“The threats continue and maybe there will be even more threats as we get to trials,” Phakiso Mochochoko, head of the ICC’s Jurisdiction, Complementarity and Cooperation Division, told a press conference. “Those threats must stop. The government of Kenya and the ICC will work together to make sure those people threatening witnesses are brought to book. Intimidation of witnesses is a crime against the Kenyan and international law. ”
Mochochoko was speaking to journalists after meeting with Kenyan Attorney General Githu Muigai and the cabinet sub-committee on ICC issues. The talks focused on a planned visit by ICC Prosecutor Fatou Bensouda and cooperation with the Kenyan government, according to Kenya’s daily Nation newspaper.
The ICC has charged four Kenyans, including Deputy Prime Minister Uhuru Kenyatta and Member of Parliament William Ruto with crimes against humanity for their alleged role in violence that followed December 2007 presidential elections. Both Kenyatta and Ruto plan to run for the next presidential elections, now scheduled for March 2013. Their trial before the ICC is set for April 2013.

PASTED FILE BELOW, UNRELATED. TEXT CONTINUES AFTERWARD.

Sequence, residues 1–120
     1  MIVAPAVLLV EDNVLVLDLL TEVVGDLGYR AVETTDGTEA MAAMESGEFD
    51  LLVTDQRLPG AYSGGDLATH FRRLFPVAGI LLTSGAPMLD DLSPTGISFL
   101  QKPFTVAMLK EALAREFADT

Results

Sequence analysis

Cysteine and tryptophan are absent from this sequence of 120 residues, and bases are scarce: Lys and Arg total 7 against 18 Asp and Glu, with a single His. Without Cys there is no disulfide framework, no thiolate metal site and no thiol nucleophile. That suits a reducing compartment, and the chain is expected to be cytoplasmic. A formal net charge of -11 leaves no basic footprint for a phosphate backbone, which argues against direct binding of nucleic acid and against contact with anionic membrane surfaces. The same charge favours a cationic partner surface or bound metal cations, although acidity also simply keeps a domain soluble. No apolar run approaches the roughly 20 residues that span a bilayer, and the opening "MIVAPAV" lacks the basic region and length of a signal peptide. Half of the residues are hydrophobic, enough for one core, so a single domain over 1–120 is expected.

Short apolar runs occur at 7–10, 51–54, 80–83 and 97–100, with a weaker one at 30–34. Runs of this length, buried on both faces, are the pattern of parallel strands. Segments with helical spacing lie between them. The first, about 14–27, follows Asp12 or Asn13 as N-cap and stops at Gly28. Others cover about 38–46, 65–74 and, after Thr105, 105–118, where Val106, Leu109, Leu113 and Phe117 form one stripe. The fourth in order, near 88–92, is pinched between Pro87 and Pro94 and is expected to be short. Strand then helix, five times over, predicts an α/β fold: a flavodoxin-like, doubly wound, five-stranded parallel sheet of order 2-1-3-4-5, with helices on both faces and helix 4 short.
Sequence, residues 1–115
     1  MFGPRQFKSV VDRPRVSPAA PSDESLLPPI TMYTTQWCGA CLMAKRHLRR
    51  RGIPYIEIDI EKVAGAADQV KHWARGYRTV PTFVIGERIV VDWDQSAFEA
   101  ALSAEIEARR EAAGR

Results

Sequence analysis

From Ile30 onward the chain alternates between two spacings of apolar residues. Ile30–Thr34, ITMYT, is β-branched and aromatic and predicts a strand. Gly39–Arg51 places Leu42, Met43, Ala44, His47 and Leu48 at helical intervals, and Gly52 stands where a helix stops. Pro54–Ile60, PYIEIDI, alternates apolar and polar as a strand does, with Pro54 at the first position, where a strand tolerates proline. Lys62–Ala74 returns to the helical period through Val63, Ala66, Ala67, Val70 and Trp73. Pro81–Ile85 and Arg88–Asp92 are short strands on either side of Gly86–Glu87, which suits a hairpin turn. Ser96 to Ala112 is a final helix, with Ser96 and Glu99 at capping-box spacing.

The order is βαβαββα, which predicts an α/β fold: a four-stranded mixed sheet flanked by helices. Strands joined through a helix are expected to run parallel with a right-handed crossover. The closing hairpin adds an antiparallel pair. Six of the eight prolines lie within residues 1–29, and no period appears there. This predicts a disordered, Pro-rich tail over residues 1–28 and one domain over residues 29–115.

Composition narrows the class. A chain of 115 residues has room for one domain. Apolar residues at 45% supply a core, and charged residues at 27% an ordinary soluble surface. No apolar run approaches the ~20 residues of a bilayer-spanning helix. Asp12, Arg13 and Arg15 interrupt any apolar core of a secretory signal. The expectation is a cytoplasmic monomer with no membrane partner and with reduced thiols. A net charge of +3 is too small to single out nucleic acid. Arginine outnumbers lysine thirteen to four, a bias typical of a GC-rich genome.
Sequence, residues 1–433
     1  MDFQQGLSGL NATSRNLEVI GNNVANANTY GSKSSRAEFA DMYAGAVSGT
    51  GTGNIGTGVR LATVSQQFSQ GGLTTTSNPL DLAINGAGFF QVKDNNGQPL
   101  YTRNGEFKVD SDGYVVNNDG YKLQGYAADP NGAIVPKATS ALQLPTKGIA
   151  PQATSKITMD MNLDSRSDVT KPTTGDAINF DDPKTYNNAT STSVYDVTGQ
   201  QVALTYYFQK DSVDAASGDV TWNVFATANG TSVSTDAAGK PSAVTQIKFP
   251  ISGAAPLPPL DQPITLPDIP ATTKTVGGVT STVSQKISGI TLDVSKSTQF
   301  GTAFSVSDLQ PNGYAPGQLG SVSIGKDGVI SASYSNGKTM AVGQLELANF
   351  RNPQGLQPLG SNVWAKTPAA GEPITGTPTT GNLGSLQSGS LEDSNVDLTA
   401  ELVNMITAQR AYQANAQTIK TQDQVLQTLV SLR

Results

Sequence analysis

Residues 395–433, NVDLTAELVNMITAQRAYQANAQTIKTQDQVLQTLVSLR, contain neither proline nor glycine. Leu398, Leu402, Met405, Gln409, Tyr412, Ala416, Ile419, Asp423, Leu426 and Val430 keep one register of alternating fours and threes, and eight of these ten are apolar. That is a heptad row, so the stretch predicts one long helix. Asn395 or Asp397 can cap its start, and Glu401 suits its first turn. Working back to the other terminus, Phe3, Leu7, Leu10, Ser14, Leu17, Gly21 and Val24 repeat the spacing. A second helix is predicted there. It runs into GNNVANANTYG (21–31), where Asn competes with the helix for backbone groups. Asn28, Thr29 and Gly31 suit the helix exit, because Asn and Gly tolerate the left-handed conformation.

Former ICC Prosecutor Luis Moreno Ocampo also expressed concern in May for the safety of witnesses in the Kenyatta case and said the ICC had launched an inquiry into intimidation, particularly via the Internet.
The four accused are still at liberty for the moment, but Mochochoko said the ICC is monitoring them for “hate speech” in the run up to the elections, and could issue arrest warrants if they violate conditions set by the Court’s judges.
Mochochoko said the Kenyan government was cooperating with the ICC despite dalays. “There have been delays, but there have been no refusals,” he told journalists.
He said it would be up to Kenya, not the ICC, to decide whether Kenyatta and Ruto can run for elections despite their ICC indictments. Kenya’s Chief Justice Willy Mutunga said in July that the Kenyan judiciary will decide if the two will be allowed to stand.